One theme seen in many comments in the blogosphere, including those quoted by Damozel, is the question of whether Obama will consistently pursue the agenda of the liberal blogosphere. While this might come as a shock to some bloggers, I’ve long felt that the answer to that one is “no.” Nor would I want him to on all issues, even if I wish he had on this one. I think Obama has made it clear that he does not support the liberal Democratic orthodoxy on all matters and that he plans to govern in a manner which moves beyond the recent left/right divide. That means that liberal bloggers might not always approve of what Obama does. I just wish it wasn’t on a civil liberties issue that he first showed such independence.

During the Bush years it was easy for the liberal blogosphere to be united (other than when divided over preferred candidates). While we might have a variety of opinions on other topics, there was unanimous opposition to pretty much everything Bush has done. Once the Democrats are setting the agenda, there will be far more disagreement on the left. While me might agree in opposing the Iraq war and the Patriot Act, we do not necessarily agree on all issues. In this regard I see Obama as being similar to many other individuals on the left. We agree on some issues but not on others. I have no doubt that in the future his policies will differ from the consensus of agreement on the left to the extent to which it exists. In other areas there will be differences of opinion and some of us will agree with Obama and some won’t. As I’ve written in the past, if Obama is elected I suspect that I will have a number of blog posts disagreeing with his actions. However I also believe things will be far better than if any of his opponents of either party had won.

This leads to my disagreement with Damozel and some other bloggers. She beleives that Edwards would have never gone along with this and that he is more “progressive” than Obama. The Sideshow asks, “Is it too late for all the superdelegates to throw their votes to Edwards and cause a floor fight?”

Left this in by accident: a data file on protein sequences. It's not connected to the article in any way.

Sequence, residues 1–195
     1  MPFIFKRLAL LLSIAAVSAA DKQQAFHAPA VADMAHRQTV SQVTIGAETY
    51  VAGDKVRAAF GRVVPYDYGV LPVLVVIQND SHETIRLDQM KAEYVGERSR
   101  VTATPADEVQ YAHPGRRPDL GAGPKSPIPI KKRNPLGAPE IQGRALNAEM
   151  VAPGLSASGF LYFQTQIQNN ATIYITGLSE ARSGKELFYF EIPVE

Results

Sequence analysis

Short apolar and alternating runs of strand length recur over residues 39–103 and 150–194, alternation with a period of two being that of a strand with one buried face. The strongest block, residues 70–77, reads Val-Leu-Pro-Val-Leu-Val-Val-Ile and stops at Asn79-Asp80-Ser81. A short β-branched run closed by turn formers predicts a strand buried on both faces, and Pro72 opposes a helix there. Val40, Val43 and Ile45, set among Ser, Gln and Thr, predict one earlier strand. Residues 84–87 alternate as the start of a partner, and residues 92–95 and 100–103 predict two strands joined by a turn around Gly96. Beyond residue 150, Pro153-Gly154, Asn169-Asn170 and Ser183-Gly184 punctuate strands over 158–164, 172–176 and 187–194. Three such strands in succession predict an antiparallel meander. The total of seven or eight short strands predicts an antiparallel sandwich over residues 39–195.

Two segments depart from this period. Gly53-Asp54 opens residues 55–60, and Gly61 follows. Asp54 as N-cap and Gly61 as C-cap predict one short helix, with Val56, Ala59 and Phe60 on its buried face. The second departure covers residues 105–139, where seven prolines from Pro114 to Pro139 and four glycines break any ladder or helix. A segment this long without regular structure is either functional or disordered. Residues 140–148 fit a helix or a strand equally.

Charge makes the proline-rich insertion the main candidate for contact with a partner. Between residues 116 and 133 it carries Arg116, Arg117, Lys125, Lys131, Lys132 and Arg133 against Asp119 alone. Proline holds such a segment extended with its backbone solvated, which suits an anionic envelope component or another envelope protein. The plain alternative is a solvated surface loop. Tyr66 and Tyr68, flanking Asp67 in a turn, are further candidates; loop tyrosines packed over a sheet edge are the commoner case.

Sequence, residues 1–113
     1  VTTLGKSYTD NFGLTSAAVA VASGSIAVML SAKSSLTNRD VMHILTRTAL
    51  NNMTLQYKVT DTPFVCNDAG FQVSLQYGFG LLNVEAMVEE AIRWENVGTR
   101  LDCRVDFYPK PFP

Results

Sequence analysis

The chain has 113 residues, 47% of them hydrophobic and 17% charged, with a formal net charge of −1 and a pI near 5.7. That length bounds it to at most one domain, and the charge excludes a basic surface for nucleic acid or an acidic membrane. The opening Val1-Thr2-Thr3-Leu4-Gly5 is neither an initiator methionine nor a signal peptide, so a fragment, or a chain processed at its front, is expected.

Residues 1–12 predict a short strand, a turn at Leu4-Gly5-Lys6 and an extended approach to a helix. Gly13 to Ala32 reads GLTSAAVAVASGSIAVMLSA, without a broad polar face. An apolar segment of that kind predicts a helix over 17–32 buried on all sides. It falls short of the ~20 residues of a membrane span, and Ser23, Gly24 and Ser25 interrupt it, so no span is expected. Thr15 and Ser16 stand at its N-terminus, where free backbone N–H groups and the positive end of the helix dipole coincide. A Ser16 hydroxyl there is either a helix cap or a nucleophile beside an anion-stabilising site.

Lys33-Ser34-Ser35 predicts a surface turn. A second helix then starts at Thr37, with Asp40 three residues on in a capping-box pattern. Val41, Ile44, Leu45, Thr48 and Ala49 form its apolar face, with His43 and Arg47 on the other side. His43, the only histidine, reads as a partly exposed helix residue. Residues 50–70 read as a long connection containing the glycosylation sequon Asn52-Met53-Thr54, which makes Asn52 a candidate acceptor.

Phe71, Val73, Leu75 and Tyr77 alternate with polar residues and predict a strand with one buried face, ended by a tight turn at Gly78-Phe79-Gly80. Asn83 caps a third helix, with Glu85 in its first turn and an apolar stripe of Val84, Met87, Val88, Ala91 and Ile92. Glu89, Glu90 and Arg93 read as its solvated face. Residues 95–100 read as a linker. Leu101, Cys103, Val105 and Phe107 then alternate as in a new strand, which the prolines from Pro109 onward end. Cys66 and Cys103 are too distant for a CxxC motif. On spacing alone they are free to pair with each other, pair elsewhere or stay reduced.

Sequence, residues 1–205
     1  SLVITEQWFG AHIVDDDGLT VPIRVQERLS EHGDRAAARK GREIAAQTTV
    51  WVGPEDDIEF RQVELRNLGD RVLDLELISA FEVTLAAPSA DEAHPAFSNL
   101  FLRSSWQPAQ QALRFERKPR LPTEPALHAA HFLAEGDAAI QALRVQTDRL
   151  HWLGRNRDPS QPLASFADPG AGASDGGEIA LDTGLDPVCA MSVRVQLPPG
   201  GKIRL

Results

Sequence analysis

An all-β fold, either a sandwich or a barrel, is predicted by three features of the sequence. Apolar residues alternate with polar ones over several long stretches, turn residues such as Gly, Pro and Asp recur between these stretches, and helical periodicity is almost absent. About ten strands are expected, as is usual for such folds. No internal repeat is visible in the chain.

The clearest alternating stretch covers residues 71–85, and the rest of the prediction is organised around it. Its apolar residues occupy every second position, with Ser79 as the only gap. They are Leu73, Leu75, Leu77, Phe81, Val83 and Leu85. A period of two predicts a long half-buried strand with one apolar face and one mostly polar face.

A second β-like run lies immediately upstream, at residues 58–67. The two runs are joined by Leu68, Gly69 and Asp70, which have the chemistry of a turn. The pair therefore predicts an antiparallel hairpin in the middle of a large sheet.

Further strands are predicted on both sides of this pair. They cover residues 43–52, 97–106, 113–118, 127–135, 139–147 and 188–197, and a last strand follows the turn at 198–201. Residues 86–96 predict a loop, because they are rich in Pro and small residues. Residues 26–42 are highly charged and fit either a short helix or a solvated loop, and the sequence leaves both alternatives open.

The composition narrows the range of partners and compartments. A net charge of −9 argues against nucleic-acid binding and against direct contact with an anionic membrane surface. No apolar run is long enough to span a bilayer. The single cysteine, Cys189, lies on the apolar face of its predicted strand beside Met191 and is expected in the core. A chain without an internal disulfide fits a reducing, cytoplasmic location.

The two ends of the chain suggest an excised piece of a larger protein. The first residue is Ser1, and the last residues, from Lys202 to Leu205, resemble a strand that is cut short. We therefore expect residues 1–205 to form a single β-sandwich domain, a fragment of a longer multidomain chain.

What makes anyone believe that Edwards would be the slightest bit better than Obama on civil liberties issues? You certainly cannot say this based upon his Senate years when he helped write the Patriot Act and certainly did not have a progressive record. You can’t say this based upon his years practicing law which provided no experience in civil liberties issues. While he is certainly far from perfect, I continue to believe that Barack Obama, with his experience in Constitutional law, is a far better choice.

The belief that Edwards is more progressive than Obama demonstrates the limitations of our political categories. Edwards did move to the left in supporting populist economics, but beyond this I saw no evidence of him really embracing liberal principles on civil liberties and social issues. There is a tremendous difference between the political platform one adopts in a given election year and the principles they have supported throughout their entire career. Once it was clear we were down to a choice of only three of the Democratic contenders I backed Obama considering him the only liberal of the three. I saw the choice as  being between one liberal candidate and two populist conservatives.

Many in the liberal blogosphere will disagree strongly with this, while others will agree in finding Obama the only acceptable choice of the upper tier Democratic candidates. Similarly we had strong divisions between supporters of Obama and Clinton in the final months of the primary campaign. This gets back to my earlier comments on the lack of a consensus on all matters in the liberal blogosphere. The differences between supporters of different candidates were not simply matters of disagreement over personalities. They often represented real differences in world view.

These differences were more obvious during a primary campaign and will most likely be limited in the upcoming months, even if some supporters of Edwards or Clinton periodically argue  that their candidate should have won the nomination. Assuming that Obama wins the general election, the liberal blogosphere will be in a situation where we have never been before. We will most likely have greater disagreements as to what should be done when the major political issues are no longer being for or against the policies of George Bush. We will at times support and at other times oppose what Obama is doing. While the blogosphere is pretty much united in disagreeing with Obama on the FISA compromise, even among those of us who backed him in the primaries, I suspect that it will be even more common for the blogosphere to be divided on different issues with some opposing and some agreeing with Obama. The divisions between different groups of conservatives have been apparent for years. The differences in opinion between liberal bloggers might be come far more apparent in the future.